A Lisfranc fracture is a broken bone or bones in a specific area of your foot. It occurs where the metatarsals, the long bones that connect your toes to your foot, attach to your foot bones. Sometimes the metatarsal bones are dislocated when you suffer a Lisfranc fracture.1 It is a painful injury that may lead to a significant functional limitation with walking and mobility.
Physical therapy after a Lisfranc fracture involves improving lower extremity mobility and strength to help you restore normal walking ability. Your PT can help you recover fully and return to your previous level of function and activity.
The most common cause of a Lisfranc fracture is falling with your foot in an abnormal position.1 Imagine stepping into a small hole in the grass, and then twisting suddenly over your foot. This twisting motion can cause small bones in your foot to break, and a joint called the Lisfranc joint may then dislocate. These bones typically dislocate and shift to one side during the fall, and the ligaments that support the bones are often torn.
Common symptoms of a Lisfranc fracture include, but are not limited to:
Swelling of the foot
Pain in the foot
Difficulty walking and putting pressure on your foot
Discoloration or bruising around your foot, especially on the bottom of your foot
Visible deformity in your foot2
If you suspect that you have a Lisfranc fracture (or any other serious injury) to your foot, you must seek medical attention right away. Go to your doctor or local emergency department to have your foot examined. An X-ray is often performed to confirm or rule out a Lisfranc fracture.
Once a Lisfranc fracture is confirmed, the fracture must be reduced. This means that the bones of your foot must be put in the correct position to allow proper healing to occur. Occasionally, a surgical procedure called an open reduction internal fixation (ORIF) may need to be done to ensure that the bones of your foot and your joint are put in the correct position.1 This involves using screws, wire, or pins to stabilize your fracture.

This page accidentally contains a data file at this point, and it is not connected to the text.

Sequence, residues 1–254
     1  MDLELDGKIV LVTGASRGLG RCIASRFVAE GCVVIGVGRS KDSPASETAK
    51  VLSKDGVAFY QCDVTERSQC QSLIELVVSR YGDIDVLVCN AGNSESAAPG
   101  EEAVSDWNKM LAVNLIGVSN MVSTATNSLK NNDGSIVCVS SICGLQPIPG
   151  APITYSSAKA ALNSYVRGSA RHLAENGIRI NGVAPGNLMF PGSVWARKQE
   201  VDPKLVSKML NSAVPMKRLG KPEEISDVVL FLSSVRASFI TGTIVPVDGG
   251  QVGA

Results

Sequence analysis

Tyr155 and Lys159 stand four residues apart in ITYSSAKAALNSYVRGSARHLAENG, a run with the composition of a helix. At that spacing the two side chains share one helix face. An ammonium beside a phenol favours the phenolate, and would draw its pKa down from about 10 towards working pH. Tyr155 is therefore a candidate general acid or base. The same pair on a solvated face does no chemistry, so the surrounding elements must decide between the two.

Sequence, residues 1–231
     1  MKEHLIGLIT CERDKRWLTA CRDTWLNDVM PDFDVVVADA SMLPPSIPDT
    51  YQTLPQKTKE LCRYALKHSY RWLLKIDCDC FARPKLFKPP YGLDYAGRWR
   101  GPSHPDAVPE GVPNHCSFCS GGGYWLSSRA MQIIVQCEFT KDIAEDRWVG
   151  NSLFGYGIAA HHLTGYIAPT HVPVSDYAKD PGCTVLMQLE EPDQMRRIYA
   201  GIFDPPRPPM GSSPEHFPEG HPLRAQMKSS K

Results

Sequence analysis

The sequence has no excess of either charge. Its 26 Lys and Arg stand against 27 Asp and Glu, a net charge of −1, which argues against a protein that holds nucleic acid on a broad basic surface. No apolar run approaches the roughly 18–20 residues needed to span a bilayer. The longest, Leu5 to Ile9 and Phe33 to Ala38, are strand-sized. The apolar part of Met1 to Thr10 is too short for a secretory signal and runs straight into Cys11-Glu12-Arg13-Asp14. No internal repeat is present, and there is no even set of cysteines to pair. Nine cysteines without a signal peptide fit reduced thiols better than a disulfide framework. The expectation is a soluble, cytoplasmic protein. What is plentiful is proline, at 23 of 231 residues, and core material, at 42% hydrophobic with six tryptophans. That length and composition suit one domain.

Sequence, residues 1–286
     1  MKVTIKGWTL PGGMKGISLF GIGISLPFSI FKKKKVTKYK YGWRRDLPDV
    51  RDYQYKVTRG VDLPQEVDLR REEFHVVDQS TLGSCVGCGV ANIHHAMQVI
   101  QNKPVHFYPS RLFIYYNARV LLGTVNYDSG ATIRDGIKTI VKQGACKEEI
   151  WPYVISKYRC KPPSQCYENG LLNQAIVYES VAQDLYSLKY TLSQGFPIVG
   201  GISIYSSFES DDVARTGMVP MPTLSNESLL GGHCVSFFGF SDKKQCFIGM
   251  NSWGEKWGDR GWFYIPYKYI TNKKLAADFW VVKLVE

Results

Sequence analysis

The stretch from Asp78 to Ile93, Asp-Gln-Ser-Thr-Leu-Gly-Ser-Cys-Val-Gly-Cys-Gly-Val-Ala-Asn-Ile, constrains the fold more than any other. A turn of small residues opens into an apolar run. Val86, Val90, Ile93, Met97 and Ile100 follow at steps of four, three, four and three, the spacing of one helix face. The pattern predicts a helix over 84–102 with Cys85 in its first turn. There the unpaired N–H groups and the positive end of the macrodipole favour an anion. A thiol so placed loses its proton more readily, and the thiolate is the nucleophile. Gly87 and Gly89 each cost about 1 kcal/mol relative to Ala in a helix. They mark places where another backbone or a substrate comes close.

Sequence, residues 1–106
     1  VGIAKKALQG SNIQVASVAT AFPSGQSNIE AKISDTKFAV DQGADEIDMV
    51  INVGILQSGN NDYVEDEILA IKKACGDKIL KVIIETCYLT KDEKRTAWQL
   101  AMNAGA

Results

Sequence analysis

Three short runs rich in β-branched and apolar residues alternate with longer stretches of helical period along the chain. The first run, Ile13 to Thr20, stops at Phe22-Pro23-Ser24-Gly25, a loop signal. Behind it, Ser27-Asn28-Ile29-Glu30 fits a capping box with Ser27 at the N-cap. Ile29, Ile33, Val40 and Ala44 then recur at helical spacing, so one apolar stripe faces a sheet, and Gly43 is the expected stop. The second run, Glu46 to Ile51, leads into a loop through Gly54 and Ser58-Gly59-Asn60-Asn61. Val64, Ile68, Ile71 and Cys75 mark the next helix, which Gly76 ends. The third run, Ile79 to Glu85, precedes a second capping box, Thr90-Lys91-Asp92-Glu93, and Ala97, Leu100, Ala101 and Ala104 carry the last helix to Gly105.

After reduction of the fracture, your foot will need to be immobilized to allow for the broken bones to heal. During this time, you may need to use a walker, crutches, or other assistive devices to get around. Your doctor may also limit the amount of weight you can put on your foot while it heals.
Be sure to ask your doctor about your weight-bearing restrictions and follow those restrictions closely to allow for optimum healing to take place.
What to Expect From Physical Therapy
Initially, after injury, you may need instruction on how to walk properly with your walker, crutches, or cane. A physical therapist can help you learn how to walk with your assistive device, and he or she can help make sure that it is sized correctly for you.
After six to eight weeks of healing, your doctor will most likely remove the cast from your foot and physical therapy can begin to rehabilitate your foot and ankle. Your doctor may prescribe an ankle or foot brace for you to wear for a few weeks. This helps stabilize your ankle joint while you are regaining normal mobility in your foot and ankle.
Your first visit to physical therapy after a Lisfranc fracture will typically involve an initial assessment where your physical therapist gathers information about your injury and current status. Common impairments measured during this appointment include:
Range of motion
After gathering information about your condition, your physical therapist can prescribe the correct treatment for you to regain normal mobility.3 Some activities and treatments that you may experience during physical therapy include, but are not limited to: